In their fantastic conversation a few weeks ago, bell hooks and Melissa Harris-Perry discussed this same issue. bell hooks is perhaps the closest Cottle is going to get to someone who thinks Michelle Obama is a "feminist nightmare" (and even then, it's a stretch); in the conversation, hooks explained that she thinks that "We started out with this incredible powerful black female voice, Michelle Obama, and it got smaller, and smaller," wondering if Harris-Perry agreed. She didn't. Said MHP:

So for me, first lady Obama is navigating multiple spaces and in some ways it has retained its bigness and its value and in other ways it has diminished. Most importantly for me, I think there was an active, purposeful – and I think she has said it to us – desire to remove from public space the idea of the black woman who emasculates her husband. That she very actively and purposefully moved back from the partnership model that we saw initially – not only partnership model but actually in active critique of her husband.

Perry went on to discuss the Obamas decision to purposefully change the narrative of their family between the 2008 primary and general elections, and also touched on Michelle's body, which has been the subject of much debate. As Cottle includes in her piece, some would say that the focus on the First Lady's clothes and arms has been an unwelcome distraction from all the good she could be doing with policy. But to Harris-Perry, the First Lady's focus on obesity politics while wearing the clothes she wears demonstrates "an unwillingness to shrink" by "inviting the scrutiny of the body."

Cottle's piece essentially argues the same point. "You've got to be real here. This is America. Our history demands strategy—and grace and finesse. It's a miracle to me that she's been able to do it as well as she has," Rebecca Walker told Cottle of the difficulty Michelle has as the first black First Lady.

By including quotes from many previous articles written on the topic, Cottle is attempting to acknowledge that she's not the first to opine about Michelle Obama's vision of First Ladyhood while acting as if there's a new peg to this over-churned story that entirely changes the narrative. More interesting would have been a piece like the one the New York Times' Jennifer Steinhauer published last week (that Cottle cites) about Michelle's education initiative, which provided nuance in explaining exactly what's notable and what's not notable about FLOTUS's decision to get involved on this front.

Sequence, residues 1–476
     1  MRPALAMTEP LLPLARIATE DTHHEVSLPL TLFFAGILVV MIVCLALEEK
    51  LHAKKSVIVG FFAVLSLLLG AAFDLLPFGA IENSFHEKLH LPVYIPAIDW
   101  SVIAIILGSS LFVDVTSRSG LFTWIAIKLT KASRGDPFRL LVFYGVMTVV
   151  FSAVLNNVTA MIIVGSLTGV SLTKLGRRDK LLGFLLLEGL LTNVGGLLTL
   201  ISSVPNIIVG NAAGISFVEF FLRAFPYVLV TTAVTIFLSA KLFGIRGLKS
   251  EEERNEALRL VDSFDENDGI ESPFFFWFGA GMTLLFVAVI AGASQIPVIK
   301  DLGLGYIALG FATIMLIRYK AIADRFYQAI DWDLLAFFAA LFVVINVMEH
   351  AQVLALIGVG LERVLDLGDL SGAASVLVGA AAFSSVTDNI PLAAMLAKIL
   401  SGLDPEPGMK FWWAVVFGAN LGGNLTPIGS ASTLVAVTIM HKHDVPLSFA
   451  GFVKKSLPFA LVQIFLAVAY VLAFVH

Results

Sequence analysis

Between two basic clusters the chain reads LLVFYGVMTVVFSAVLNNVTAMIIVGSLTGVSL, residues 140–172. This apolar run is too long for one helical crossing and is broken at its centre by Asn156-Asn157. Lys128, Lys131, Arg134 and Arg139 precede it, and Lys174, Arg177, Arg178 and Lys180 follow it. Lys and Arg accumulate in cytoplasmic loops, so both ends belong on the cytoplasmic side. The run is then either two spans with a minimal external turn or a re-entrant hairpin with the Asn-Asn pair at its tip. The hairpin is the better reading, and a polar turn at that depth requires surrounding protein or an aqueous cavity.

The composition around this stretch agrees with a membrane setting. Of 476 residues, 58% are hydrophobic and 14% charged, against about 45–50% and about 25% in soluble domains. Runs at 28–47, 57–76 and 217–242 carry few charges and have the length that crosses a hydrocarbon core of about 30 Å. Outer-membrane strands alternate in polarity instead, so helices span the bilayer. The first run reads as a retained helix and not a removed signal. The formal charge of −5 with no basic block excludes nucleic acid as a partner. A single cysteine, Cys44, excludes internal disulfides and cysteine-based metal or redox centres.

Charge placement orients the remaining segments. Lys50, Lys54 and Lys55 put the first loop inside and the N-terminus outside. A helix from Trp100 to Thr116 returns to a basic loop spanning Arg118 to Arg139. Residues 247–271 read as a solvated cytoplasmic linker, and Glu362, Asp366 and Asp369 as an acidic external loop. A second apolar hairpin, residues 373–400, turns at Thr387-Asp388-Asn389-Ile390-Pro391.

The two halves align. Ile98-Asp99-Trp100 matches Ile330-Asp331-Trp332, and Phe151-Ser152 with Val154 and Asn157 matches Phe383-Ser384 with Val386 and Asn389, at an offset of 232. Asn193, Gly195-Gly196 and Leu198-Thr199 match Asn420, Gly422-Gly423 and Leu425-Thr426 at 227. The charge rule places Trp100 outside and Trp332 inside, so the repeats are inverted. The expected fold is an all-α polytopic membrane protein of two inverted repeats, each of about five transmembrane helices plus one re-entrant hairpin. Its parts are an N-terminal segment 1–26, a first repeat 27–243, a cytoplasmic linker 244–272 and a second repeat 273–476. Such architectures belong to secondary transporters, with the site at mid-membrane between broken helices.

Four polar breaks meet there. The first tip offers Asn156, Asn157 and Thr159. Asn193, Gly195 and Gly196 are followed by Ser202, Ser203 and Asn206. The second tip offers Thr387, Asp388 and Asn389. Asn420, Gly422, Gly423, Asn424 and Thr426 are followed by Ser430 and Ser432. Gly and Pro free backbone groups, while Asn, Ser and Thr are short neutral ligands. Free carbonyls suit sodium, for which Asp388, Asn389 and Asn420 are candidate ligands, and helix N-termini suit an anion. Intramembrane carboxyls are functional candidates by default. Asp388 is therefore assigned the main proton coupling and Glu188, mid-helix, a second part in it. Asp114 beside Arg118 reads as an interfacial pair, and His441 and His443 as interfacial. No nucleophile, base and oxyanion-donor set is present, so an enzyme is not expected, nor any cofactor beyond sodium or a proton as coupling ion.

But back to Cottle. "So enough already with the pining for a Michelle Obama who simply doesn't exist," she writes. "The woman is not going to morph into an edgier, more activist first lady." But why the implication that there are thousands out there still clamoring for her to be different, enough that Michelle's legacy will be that she was a "feminist nightmare"? As many have pointed out on Twitter, Cottle has a history of writing articles about frustration and feminism and the political realm. The inflammatory nature of these types of pieces doesn't preclude us from not discussing the things that the First Lady is doing in office and the message they send to the American public, but they should warn us against doing so in such a tired way.

Leaning Out [Politico]

Image via Win McNamee/Getty Images.